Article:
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Hello everyone! I'm sure these kinds of results have been posted before (I apologize in advance). I have tried to find info on my own, but coming up with nothing! My husband recently had a physical. I sent him off with a battery of tests. In the list, I included a celiac panel. My husband (just turned 40) has had borderline low testosterone for at least 10 years that we know of. He also has thyroid levels that don't indicate hypothyroidism yet, but hover just under the aace tsh guideline (.3-3), my husband's tsh is always in the 2's. Not terribly indicative of anything YET! Anyway, he also shows possible gluten intolerance symptoms: chronic canker sores, recently a peeling tongue, low vitamin D (even with daily supplementation), bouts of explosive diarrhea, a skin rash that he calls heat rash, low energy, irritable and moody (maybe just due to lower testosterone). He is not overweight whatsoever. He does look rather pale and quite frankly, like he hasn't slept in ages lol. His celiac panel is as follows:

IgA Qn serum 598 range 91-414 HIGH

Delaminates glia fin Abs, IgA 7 range 0-19 is negative

T-transglutimaninase (ttG) <2 range 0-3 negative

With these results, our doctor (she is also a wellness and bio identical doctor) said definitive for gluten intolerance due to the elevated IgA and symptoms, plus low hormone levels. I'm not so sure?? His mother has hypothyroidism, osteoporosis and issues with diarrhea when she eats wheat. Maybe no correlation to gluten intolerance whatsoever, just mentionable. I myself had recent celiac testing since I have Hashimotos's, but my results showed nothing significant. Anyway, my husband is on board with going gluten free, starting yesterday. I'm just wondering if we should just go all in gluten free or have him scheduled for a biopsy (he's going to buck up on that one, I know it lol). Thank you kindly for your help and input!

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The first test, IgA Qn serum, is the total serum Igag which is a control test. It is not a celiac test.  As I understand it, the IgA is run because 5% of celiacs are low in Iga (much more than the regular population) and a deficiency in IgA means that the celiac tests that do use IgA will have a negative result even when they should be positive.


I'm guessing that second test is the deaminated gliadin peptide antibodies (DGP IgA). It's a good celiac test, but yours is negative.


Your tTG is negative too... Was it a tTG iGA test?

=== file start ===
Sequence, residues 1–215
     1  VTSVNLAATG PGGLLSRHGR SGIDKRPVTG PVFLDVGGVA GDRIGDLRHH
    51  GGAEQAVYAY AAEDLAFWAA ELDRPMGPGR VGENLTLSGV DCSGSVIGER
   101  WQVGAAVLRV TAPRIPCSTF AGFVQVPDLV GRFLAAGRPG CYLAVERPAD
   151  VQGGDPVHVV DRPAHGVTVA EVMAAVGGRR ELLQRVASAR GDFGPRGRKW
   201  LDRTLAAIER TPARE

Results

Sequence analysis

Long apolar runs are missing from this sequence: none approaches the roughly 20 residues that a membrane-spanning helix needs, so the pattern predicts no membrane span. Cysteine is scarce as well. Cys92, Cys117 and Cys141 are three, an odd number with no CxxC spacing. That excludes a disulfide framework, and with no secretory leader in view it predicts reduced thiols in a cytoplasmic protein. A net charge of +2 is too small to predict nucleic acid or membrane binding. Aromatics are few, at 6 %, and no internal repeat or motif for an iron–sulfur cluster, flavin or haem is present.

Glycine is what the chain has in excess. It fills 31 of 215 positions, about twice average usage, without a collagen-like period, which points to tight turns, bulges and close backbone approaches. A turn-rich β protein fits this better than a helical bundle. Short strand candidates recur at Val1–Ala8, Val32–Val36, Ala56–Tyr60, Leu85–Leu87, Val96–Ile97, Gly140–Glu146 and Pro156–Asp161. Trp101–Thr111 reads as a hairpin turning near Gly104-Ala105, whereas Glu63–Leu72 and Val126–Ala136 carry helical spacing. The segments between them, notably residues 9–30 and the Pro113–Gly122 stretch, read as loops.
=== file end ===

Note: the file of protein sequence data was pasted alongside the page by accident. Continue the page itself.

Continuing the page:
To me, it looks like your control test was high. IgA has to do with mucosal linings and it's thought by some that it will test over active in food sensitivities but it is not a celiac test. The two celiac tests he had done are negative.  I think that means he may have a food sensitivity, and it could be non-celiac gluten intolerance (NCGI), but he does not have the antibodies that would result in intestinal villi damage that is a defining symptom of celiac disease. - Those with NCGI will have all the same symptoms as a celiac except the villi damage.


Based on those results, I would guess that his biopsy would be negative but there are a few people around here who had negative blood work but had a positive biopsy (and vice versa). If he thinks it would be helpful he should go for it. He'll need to be eating gluten 2-4 weeks before the procedure for accurate results - the longer the better.


I hope he feels better on the gluten-free diet. Best wishes in whatever he decides to do,

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I honestly don't know a lot about elevated IgA. As far I I understand it, it could be an indicator that something is wrong, but it doesn't say what - just that it's in the mucosaal lining.... Frustrating.  :(


This discusses it a bit:



He might as well go gluten-free if he is done testing. NCGI is in 6-30% of the population (6-10% is the number I see quoted the most). It's a common and very real problem and could be contributing to his issues. Gluten enteropathy can cause elevated IgA (I believe) so you could be on the right track. Perhaps after a few months gluten-free, he'll have a better idea if he is NCGI, or one of the rare celiacs with negative blood work.

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